Māori spaces in foreign places Hinemihi o Te Ao Tawhito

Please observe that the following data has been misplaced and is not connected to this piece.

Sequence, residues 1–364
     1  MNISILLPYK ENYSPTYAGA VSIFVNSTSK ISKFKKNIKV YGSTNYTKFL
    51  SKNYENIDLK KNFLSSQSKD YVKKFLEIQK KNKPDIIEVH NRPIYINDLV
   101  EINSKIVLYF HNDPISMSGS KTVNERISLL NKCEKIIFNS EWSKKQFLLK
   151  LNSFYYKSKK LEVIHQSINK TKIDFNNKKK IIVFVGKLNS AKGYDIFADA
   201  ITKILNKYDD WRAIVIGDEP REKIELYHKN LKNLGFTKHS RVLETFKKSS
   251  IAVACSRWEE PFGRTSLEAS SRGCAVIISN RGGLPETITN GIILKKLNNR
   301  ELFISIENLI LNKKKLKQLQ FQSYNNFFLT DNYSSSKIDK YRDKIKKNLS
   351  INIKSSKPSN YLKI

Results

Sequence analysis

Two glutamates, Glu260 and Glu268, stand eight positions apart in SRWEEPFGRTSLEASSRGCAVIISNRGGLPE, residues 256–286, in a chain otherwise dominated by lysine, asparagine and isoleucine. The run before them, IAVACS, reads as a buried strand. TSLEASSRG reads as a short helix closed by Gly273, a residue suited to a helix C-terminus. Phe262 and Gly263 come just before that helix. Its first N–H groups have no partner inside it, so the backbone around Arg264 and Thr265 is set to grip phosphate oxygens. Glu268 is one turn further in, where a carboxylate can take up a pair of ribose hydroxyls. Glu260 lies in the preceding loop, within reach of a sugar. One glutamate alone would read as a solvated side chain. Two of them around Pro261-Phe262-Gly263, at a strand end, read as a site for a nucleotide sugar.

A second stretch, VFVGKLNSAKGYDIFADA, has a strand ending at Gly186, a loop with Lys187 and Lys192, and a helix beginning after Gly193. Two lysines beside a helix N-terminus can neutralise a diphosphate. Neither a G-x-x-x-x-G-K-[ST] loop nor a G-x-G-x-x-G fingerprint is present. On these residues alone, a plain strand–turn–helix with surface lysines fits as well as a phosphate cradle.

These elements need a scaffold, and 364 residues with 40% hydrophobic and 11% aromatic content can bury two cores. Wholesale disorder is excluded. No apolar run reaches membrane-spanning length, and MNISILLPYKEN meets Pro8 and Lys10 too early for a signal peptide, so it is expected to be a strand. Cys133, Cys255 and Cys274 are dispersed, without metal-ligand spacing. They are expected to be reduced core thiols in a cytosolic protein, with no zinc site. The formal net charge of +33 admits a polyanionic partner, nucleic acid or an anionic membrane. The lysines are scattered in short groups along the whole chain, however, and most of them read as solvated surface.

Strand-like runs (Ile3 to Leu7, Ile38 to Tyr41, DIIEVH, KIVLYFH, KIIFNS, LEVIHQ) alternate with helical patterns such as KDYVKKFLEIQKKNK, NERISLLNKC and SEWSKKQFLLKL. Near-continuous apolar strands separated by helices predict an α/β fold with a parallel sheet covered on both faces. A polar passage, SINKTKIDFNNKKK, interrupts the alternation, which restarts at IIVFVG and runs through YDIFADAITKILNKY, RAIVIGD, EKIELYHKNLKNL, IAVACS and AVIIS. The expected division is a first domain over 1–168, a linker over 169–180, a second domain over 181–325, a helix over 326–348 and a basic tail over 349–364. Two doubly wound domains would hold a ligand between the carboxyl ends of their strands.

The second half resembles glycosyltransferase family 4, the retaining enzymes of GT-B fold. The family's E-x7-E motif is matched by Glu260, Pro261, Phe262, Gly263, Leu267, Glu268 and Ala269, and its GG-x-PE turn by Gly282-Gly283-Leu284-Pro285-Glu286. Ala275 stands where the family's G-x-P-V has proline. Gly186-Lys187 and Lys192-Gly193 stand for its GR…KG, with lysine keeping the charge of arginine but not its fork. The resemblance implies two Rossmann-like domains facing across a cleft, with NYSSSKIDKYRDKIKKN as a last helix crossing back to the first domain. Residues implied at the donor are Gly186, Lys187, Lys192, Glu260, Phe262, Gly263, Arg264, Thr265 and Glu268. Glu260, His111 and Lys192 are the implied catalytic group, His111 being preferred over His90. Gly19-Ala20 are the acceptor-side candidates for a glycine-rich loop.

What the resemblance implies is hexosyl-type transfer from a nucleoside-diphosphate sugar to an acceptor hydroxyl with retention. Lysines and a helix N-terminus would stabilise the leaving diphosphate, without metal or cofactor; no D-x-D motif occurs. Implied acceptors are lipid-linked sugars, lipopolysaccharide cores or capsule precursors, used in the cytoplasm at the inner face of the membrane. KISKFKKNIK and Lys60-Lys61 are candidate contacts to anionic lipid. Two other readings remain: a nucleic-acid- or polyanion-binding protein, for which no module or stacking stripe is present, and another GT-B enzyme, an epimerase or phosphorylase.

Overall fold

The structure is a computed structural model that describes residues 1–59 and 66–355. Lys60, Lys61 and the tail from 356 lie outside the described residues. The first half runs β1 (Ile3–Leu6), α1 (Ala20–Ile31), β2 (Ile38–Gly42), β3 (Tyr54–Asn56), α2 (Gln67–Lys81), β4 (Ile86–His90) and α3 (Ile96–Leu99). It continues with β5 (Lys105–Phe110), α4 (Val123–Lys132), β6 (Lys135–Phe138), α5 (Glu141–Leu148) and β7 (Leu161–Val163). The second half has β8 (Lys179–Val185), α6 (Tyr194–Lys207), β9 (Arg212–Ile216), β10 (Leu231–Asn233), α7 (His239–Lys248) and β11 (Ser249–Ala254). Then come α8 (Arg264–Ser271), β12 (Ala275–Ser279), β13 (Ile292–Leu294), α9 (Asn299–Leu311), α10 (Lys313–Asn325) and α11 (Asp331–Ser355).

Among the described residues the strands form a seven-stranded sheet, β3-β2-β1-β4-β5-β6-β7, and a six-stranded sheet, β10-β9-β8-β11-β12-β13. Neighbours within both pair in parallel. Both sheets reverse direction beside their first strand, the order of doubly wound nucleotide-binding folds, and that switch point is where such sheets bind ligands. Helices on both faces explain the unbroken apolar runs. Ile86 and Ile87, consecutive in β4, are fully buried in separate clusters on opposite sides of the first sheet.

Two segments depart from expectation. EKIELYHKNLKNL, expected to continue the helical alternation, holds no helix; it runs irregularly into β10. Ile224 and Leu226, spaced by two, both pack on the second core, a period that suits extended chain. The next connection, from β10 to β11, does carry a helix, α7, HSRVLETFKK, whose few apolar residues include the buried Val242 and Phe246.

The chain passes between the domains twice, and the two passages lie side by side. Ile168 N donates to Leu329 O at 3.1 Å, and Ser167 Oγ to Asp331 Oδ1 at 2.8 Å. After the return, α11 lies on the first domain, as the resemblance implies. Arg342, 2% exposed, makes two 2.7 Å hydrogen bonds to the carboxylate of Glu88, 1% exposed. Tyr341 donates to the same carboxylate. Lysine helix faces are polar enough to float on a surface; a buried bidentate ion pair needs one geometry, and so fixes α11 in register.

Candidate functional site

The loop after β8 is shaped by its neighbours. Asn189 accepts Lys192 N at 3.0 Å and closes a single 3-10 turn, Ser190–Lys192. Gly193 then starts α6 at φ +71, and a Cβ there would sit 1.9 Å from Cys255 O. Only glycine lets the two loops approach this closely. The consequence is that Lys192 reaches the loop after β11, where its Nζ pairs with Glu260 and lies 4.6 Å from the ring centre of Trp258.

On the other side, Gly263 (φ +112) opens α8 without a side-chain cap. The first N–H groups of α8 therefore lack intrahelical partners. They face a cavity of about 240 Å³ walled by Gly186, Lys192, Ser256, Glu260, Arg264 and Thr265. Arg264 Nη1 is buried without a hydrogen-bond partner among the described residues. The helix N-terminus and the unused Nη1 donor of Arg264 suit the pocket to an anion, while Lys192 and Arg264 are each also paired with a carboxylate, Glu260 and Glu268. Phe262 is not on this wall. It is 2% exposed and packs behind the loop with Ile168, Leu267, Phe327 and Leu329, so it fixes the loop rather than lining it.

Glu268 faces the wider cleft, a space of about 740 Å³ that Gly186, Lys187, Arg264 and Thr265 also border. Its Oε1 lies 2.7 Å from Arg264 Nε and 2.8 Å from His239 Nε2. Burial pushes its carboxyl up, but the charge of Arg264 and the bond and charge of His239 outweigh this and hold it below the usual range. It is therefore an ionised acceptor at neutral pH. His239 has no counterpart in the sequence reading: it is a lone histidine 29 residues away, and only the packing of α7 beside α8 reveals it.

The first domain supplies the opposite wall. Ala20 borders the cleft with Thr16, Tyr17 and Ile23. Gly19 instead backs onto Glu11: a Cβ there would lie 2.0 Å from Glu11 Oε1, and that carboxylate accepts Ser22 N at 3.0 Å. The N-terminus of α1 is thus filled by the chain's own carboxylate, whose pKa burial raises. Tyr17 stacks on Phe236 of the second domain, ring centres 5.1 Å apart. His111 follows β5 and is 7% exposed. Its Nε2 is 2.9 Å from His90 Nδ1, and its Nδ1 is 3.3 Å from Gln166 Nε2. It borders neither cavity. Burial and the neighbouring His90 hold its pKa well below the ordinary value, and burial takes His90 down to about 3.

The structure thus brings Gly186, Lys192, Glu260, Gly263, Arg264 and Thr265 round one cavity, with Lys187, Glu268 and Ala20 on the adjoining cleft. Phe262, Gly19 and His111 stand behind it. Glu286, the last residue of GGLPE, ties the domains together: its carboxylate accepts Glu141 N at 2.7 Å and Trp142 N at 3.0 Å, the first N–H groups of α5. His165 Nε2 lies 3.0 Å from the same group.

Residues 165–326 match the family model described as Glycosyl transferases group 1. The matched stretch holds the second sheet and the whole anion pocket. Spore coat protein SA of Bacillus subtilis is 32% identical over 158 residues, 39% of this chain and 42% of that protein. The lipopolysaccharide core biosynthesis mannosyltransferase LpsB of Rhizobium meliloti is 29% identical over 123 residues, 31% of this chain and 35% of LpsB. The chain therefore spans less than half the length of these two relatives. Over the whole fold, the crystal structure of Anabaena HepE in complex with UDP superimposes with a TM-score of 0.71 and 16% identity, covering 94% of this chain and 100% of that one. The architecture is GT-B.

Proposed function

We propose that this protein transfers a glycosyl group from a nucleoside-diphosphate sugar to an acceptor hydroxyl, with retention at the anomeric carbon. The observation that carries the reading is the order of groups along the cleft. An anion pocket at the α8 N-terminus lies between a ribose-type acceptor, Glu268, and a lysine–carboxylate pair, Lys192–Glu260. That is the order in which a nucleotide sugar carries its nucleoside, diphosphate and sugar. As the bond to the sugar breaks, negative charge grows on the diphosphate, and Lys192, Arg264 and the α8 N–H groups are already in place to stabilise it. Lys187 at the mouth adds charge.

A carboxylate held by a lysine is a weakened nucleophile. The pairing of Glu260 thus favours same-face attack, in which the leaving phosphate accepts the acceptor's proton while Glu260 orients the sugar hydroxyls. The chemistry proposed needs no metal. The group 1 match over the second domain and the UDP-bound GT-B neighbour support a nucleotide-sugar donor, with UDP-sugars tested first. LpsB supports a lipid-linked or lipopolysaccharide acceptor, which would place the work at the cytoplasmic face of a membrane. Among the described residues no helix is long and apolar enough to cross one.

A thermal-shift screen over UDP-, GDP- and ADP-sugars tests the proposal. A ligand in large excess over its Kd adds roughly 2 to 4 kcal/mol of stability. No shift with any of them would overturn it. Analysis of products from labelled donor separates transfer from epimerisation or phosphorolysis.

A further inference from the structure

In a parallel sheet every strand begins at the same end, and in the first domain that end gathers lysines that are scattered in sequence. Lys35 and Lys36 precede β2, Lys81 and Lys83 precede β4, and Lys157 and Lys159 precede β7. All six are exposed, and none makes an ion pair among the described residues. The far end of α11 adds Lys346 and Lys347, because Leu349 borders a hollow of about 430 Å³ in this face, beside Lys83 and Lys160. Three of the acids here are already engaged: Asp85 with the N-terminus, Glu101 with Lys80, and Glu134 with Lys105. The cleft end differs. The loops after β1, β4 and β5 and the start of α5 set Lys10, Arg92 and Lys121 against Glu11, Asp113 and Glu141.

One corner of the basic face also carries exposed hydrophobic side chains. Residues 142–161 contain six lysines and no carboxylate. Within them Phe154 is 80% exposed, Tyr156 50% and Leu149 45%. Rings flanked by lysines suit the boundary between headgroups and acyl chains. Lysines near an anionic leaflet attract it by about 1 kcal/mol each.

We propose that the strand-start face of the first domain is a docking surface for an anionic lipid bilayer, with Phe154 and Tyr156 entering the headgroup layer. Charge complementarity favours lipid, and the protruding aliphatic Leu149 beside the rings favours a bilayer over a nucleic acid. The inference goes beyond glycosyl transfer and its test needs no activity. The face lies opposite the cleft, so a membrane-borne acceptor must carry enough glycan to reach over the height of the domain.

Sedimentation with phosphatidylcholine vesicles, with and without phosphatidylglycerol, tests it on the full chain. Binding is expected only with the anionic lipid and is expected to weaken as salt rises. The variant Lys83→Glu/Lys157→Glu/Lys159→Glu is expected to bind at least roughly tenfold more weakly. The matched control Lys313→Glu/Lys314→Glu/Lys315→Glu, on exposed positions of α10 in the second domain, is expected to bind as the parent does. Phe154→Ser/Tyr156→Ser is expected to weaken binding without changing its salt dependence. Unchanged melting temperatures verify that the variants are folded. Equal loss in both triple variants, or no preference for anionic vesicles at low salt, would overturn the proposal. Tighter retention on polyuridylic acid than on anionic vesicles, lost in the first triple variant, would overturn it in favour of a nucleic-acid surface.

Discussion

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The whare tūpuna, Hinemihi o Te Ao Tawhito, an ancestral meeting house, built in 1881 in Te Wairoa, Aotearoa is now located in Surrey, England. Despite radical changes in cultural, social, economic and geographic landscapes over the past 128 years, the whare continues to epitomise a distinct Māori cultural identity. How Hinemihi has managed to sustain this cultural identity despite its geographic dislocation from her homeland is the focus of this thesis. A theoretical engagement with history and the utilisation of kaupapa Māori as an analytic framework reveals that Māori cultural identity can be nurtured and sustained outside of traditional Māori contexts. The historical material is provided in whakapapa kōrero, or tribal narrative, at hui, wānanga being forums of higher learning and in tribal reports, publicly available archival documents, historical literature, contemporary accounts, multimedia documentaries, government records and newspapers. The result is a focused kaupapa Māori study which provides an original and interpretative social history of Hinemihi as well as advancing Māori scholarship in the field of history, Māori identity and cultural landscapes. In this particular case, the social history exhibits the dichotomous nature of Hinemihi in that distinctions can be made between two discrete whānau groupings associated with the whare. First there is the whakapapa whānau or Ngāti Hinemihi/Tūhourangi who are the tribal peoples descended from the original owners of the whare and who trace their identity to Hinemihi, the ancestress from whom the whare is named. And second there is the kaupapa whānau which consists of many people or communities who have been brought together through various non-kin relationships they have with the whare. Paradoxically, the whare promotes unity where people come together to be part of the wider whānau of Hinemihi, as well as highlighting dialectic tensions between the communities associated with the whare. Through the juxtaposition of cultures, different historical visions, systems of knowledge and representations of meaning, the research concludes that Māori cultural identity is as much about displacement and tension as it is about established tribally determined criterion of identity, primarily related to whakapapa association and connection to place. The research further argues that the history, location and hybrid nature of this whare and her communities reflect broader social contexts, particularly with respect to changes in Māori society from localised tribal communities to a global Māori diaspora. While some contemporary social contexts challenge Māori tribal discourses of identity and relationships, change is not new, and the thesis provides an example of the symbolic and metaphoric character of mātauranga Māori, contextualised here as systems of Māori knowledge. As the social and locational contexts of Māori change so too do Māori cultural landscapes and identity.